Opinion Polls, Exit Polls and Election Results


Opinion Polls, Exit Polls and Election Results

It has been quite an eventful week for voters either side of the English channel. In the United Kingdom, Keir Starmer’s Labour Party were victorious in the General Election, turfing out the Tories after 14 years of misrule, while in France a left-wing coalition managed against the odds to beat Marine Le Pen’s fascist National Rally into third place in their runoff election. In both elections tactical voting clear played a big role. In France many third-placed candidates of the centre or left stood aside to help defeat the Far Right. What happens now with regard to forming a government is anyone’s guess, even for people who know far more about French politics than me.

In the runup up to the UK general election, opinion polls had Labour much further ahead in terms of popular vote. As it turned out, however, Labour won 411 seats on a share of the vote of just 33.7% compared to the Conservatives 23.7% and a smaller number of votes than in 2019 when they won just 202 seats. The UK system is not proportional – and doesn’t pretend to be – so this kind of outcome is not surprising. Pundits have rightly pointed to the fact that the far-right Reform party got 14.3% of the vote which undoubtedly took seats from the Tories, but only managed 5 seats and that Labour profited greatly from the collapse of the SNP vote in Scotland.

There are other factors, however. One is that the turnout was 59.9%, well down on 2019 (67.35). That may well be partly due to voters generally not being enthused. But there may be more to it than that. The last time the turnout was below 60% in a UK general election was in 2001. In that year, Labour were miles ahead in the opinion polls so I suppose many Labour voters thought the result was a foregone conclusion and didn’t bother to turn out. It seems likely to me that there was a similar effect on the Labour vote this time. Rather than merely predicting the final result, opinion polls often influence it.

Another factor is that there may have been higher levels of tactical voting, especially with Labour voters switching to the Liberal Democrats to remove the Tory. That might account for why the LibDems did so well. Opinion polls play a role in this too. Yet another is that Labour lost several seats to Independents, standing against the stance on Gaza, and former Labour leader Jeremy Corbyn won his seat standing as an Independent.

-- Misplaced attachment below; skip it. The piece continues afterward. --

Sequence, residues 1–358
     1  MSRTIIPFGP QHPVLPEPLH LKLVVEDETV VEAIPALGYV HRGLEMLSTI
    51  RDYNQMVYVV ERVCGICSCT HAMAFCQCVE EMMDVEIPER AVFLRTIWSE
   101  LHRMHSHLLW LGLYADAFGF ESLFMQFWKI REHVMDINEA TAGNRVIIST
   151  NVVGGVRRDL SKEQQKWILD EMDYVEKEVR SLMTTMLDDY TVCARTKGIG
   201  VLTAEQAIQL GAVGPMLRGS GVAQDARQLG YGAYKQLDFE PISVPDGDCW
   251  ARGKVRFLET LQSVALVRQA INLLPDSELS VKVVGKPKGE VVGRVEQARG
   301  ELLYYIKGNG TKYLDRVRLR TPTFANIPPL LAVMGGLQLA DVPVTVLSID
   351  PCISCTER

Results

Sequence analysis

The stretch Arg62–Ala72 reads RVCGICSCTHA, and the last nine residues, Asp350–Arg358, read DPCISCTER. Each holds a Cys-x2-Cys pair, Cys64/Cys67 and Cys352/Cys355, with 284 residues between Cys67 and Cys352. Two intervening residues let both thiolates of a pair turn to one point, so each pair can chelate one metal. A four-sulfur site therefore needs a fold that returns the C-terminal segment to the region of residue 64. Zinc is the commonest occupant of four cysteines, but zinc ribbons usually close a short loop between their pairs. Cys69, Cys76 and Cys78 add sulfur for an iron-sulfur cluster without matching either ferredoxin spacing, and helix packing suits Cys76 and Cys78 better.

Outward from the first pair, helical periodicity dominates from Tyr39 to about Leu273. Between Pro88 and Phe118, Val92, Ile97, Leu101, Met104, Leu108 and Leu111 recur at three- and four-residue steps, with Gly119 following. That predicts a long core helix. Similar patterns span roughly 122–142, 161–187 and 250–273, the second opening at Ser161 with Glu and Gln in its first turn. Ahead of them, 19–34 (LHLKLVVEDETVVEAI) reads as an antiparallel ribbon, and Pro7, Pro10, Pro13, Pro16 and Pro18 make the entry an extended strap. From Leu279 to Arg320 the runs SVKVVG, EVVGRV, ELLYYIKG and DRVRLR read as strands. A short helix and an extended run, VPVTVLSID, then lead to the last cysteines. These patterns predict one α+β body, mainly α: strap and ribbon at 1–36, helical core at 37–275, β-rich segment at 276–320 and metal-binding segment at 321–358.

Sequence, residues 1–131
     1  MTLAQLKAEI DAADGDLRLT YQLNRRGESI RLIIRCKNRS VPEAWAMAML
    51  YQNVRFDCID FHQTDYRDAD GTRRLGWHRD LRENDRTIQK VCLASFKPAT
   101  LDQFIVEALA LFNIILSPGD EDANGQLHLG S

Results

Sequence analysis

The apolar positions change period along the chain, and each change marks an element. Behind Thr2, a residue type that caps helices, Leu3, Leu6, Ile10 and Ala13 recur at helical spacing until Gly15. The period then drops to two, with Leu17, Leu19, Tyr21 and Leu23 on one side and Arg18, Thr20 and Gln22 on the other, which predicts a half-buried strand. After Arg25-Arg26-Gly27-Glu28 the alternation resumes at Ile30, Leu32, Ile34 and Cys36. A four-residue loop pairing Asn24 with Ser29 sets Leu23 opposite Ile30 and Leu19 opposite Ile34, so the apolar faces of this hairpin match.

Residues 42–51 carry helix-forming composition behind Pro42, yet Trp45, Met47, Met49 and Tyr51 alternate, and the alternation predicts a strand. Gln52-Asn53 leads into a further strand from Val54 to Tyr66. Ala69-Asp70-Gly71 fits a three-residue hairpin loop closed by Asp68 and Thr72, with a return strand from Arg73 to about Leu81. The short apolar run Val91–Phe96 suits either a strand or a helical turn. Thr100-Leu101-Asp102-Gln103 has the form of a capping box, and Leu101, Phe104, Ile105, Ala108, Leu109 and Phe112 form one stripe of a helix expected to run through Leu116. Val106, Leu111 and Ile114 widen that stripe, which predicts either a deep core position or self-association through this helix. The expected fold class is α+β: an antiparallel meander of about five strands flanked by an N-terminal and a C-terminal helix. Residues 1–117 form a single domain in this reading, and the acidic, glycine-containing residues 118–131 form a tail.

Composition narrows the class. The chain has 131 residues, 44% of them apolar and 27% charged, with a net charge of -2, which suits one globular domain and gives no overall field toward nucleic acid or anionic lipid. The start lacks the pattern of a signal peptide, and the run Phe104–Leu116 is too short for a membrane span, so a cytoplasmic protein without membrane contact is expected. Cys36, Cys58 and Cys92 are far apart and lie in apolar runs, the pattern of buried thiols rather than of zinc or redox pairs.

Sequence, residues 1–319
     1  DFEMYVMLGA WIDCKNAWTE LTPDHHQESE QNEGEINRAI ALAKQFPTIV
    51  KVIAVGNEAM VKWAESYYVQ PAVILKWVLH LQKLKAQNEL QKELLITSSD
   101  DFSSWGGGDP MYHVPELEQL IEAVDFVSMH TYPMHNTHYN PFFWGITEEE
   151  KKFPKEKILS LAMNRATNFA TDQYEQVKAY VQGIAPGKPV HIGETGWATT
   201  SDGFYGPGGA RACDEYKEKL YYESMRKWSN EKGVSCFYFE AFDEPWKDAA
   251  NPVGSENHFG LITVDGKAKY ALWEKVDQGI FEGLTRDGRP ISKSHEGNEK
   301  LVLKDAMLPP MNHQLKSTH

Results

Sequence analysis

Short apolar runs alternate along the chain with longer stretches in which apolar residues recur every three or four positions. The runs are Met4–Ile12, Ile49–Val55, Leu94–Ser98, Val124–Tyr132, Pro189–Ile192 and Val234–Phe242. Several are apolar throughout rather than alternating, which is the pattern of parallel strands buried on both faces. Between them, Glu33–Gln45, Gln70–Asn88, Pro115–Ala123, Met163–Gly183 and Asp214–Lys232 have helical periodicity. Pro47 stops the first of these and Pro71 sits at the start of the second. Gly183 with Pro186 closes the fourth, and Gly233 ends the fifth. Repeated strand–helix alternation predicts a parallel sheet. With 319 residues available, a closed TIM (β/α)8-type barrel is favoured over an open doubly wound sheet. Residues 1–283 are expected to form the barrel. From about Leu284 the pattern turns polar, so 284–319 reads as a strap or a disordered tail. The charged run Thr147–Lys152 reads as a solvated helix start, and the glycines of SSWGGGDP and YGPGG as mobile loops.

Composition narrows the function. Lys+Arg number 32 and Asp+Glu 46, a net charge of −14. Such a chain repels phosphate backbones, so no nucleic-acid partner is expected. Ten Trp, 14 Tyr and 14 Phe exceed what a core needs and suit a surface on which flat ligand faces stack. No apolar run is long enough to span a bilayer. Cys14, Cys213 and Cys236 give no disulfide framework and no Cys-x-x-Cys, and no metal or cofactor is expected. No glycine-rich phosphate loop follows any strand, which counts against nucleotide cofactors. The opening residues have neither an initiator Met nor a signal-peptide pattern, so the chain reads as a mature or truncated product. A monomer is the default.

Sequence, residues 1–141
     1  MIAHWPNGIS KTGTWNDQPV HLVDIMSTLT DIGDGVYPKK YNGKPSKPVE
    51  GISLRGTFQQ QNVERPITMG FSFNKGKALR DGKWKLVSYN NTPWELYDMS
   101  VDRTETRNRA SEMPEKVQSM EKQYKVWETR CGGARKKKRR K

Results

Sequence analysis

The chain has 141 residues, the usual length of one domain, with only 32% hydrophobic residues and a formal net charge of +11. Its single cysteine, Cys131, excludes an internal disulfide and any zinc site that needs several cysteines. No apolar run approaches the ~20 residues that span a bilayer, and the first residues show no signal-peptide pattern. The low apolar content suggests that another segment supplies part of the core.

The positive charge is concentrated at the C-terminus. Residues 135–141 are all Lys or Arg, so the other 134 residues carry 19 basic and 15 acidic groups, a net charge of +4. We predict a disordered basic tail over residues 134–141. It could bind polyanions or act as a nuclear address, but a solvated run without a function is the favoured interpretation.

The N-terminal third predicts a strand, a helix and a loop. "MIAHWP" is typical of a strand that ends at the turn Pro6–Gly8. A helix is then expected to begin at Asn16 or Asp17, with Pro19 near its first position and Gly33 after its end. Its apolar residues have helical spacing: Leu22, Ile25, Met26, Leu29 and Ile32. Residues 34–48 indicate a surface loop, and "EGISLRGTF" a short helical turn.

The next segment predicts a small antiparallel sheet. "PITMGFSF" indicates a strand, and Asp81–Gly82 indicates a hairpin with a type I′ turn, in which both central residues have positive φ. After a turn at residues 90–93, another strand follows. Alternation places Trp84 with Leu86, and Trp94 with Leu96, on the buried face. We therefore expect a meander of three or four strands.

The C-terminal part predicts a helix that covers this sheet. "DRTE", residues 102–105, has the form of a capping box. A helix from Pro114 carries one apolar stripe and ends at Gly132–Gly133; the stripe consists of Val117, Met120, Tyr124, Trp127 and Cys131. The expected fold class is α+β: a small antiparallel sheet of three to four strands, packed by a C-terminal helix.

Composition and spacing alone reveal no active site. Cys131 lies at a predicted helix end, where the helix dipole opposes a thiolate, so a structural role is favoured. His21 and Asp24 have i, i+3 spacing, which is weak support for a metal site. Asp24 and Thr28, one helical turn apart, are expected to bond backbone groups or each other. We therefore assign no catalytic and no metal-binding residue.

That brings me to the exit polls in the UK and France. Here the projections, the first released at 10pm on Thursday and the second at 9pm on Sunday:

Both are pretty accurate, but I’ve always been annoyed by the way the UK exit poll projection (left) is presented as a point estimate without any indication of the uncertainty (which must be considerable, especially for the smaller parties). The final results were Labour 411, Conservative 121, Lib Dem 72, Reform 5, SNP 9, Plaid Cymru 4, Green 4.

The French method of presenting the results (right) is much better in my opinion. In this case the results were 182, 168 and 143 respectively – all within the range presented.

I have to say that I greatly prefer the voting system used here in Ireland to those deployed in either France or the United Kingdom. Elections here are held under Proportional Representation (Single Transferable Vote) which seems to me a very sensible system. One ranks the candidates in order of preference; you can rank all the candidates or just some. In the system employed here in Ireland, votes are progressively reallocated in various rounds until one ends up with the top n candidates to fill the available seats. The STV system involves a quota for automatic election which is N/(m+1) + 1 votes, where N is the number of valid ballots cast and m is the number of seats in the constituency.  To see why this is the case consider a four-seat constituency, where the quota would be 20% of the votes cast plus one. No more than four candidates can reach this level so anyone managing to get that many votes is automatically elected. Surplus votes from candidates exceeding quota, as well as those of eliminated candidates, are reallocated to lower-preference candidates in this process. This system returns representatives with a local constituency connection but is also (approximately) proportional.

One problem with the First Past The Post system deployed in the UK is that if a Reactionary party (Reform) gets 5 seats while a Progressive party (Green) gets only 4, the former gets all the press coverage and the latter gets none..

P.S. I didn’t vote in the UK general election, but the four constituencies in which I lived before moving to Ireland (Cardiff West, Brighton Kemptown, Broxtowe, and Bethnal Green & Stepney) all voted in Labour MPs.

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